By Ronald A. Fatoullah, Esq. and Yan Lian Kuang-Maoga, Esq.
Now that President Barack Obama has won a second term, what does it mean for seniors? What impact, if any, are seniors to expect with regard to long-term care costs and estate taxes? The good news is that his re-election means Medicare and Medicaid as we know them will likely be preserved for at least the next four years. However, with regard to estate, gift and generation skipping transfer taxes, we will have to wait for the final results. As of the writing of this column, President Obama and John Boehner are busy negotiating these issues. Only time will tell if we go over the so-called “fiscal cliff” or if Congress can put together a responsible fiscal plan that increases revenues while preserving important governmental entitlements that seniors rely on.
One of the biggest outcomes of the election is that the Affordable Care Act (ACA – a.k.a. “Obamacare”), which candidate Mitt Romney had promised to repeal, will almost certainly remain the law in our country. For seniors, the law has already begun to close the gap in Medicare’s prescription drug coverage known as the “doughnut hole,” and has been providing free preventative care for Medicare recipients. The ACA also included a number of provisions aimed at improving long-term care and helping recipients remain in their homes instead of being forced into nursing homes. These provisions will continue to be carried out.
On January 1, 2013, the terms of the Budget Control Act of 2011 will take effect (commonly referred to as going over the “fiscal cliff”) unless Congress acts to avoid it. Failing to act will bring about automatic tax increases and spending cuts agreed to as part of last year’s deficit reduction deal. Although Medicare and Medicaid will likely maintain their current structures, cuts may be made as a result of current negotiations. President Obama reportedly offered to increase the Medicare age to 67 in last year’s budget negotiations with Republicans.
According to a Reuters article, congressional Republicans are also expected to ask for concessions from the ACA, including delaying and scaling back the planned expansion of Medicaid. In addition, state lawmakers, many of whom are Republican, will decide how the ACA is carried out. Thirty states have Republican governors, some of whom have said that they will opt out of the Medicaid expansion provided for in the ACA. But President Obama’s re-election may boost the prospects for expansion, and prod reluctant states to move forward with the expansion, according to Kaiser Health News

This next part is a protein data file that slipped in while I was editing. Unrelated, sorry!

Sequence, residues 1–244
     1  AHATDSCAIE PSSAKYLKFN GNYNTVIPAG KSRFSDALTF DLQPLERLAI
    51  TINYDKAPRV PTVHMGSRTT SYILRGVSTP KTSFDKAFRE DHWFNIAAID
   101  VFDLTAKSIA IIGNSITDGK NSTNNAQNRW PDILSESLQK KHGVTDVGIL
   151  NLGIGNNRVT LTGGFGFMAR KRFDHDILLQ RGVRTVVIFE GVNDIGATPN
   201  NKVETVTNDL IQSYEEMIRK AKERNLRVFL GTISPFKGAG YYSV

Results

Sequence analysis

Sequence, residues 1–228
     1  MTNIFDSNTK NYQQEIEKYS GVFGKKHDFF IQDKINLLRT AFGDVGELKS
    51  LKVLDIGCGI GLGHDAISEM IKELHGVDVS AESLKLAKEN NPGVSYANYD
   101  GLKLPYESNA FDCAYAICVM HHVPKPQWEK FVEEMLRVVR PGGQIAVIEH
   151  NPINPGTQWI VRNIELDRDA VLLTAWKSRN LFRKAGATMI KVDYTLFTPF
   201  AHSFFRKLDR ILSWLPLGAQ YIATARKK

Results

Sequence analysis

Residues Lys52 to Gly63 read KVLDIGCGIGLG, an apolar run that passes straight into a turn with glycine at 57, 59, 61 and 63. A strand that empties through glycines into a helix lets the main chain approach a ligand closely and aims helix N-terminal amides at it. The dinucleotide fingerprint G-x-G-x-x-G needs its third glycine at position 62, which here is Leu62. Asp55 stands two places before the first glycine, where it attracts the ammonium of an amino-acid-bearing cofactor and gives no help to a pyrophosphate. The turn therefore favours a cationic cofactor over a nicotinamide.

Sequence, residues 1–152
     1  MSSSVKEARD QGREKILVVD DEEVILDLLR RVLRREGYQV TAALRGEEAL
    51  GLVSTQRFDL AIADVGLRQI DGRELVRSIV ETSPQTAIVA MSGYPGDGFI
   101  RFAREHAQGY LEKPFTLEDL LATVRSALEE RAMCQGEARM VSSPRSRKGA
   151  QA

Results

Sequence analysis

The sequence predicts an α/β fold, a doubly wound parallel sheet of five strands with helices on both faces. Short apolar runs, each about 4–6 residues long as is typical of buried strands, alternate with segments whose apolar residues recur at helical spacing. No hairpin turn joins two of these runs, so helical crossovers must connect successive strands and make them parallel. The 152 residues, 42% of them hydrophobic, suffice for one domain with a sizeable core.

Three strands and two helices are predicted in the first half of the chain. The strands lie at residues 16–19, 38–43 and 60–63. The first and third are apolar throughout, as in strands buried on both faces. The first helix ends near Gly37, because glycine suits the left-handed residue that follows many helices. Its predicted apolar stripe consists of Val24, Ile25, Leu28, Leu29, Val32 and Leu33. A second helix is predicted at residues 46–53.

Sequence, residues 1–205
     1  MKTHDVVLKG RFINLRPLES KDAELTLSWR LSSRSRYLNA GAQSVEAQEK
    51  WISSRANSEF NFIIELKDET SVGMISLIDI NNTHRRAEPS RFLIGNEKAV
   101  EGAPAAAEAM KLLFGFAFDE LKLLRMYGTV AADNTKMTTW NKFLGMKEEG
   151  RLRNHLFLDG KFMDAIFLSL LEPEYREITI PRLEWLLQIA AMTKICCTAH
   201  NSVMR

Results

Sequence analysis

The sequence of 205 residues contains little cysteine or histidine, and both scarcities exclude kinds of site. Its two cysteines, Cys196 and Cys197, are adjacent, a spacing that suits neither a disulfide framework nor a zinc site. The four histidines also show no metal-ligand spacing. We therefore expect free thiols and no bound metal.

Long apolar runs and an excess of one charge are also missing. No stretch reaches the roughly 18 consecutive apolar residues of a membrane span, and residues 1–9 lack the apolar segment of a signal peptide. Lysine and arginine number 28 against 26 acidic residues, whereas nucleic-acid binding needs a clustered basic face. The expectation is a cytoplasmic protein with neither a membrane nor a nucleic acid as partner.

With regard to estate taxes, if Congress fails to act the federal estate and gift tax exclusion is scheduled to be reduced from its current level of $5.12 million to only $1 million ($2 million for a couple). President Obama has proposed to set the federal estate and gift tax exclusion at $3.5 million ($7 million for a couple). New Yorkers must be reminded to engage in estate planning because even if the federal estate and gift tax exclusion does not revert back to $1 million, New York State has its own estate tax and will tax estates over $1 million.
While the re-election of President Obama provides some security to seniors with regard to the preservation of Medicare and Medicaid to pay for long term care costs, much is still up in the air. Now more than ever, seniors owe it to themselves and their families to get their affairs in order and to establish an elder law and estate plan in order to protect assets for themselves as well as their heirs.
Ronald Fatoullah is a leading expert in the fields of elder law & estate planning. He is the founder and managing attorney of Ronald Fatoullah & Associates, a law firm concentrating in elder law, estate planning, Medicaid eligibility, special needs, trusts, guardianships, & probate. He is certified as an elder law attorney by the National Elder Law Foundation, and he is the current Legal Committee Chair of the Long Island Alzheimer’s Association. The firm’s offices are conveniently located in: Long Island, Queens, Manhattan & Brooklyn and can be reached at: 1-877-Elder Law 1-877-Estates. This article was written with the assistance of Yan Lian Kuang-Maoga, Esq., an elder law attorney with the firm.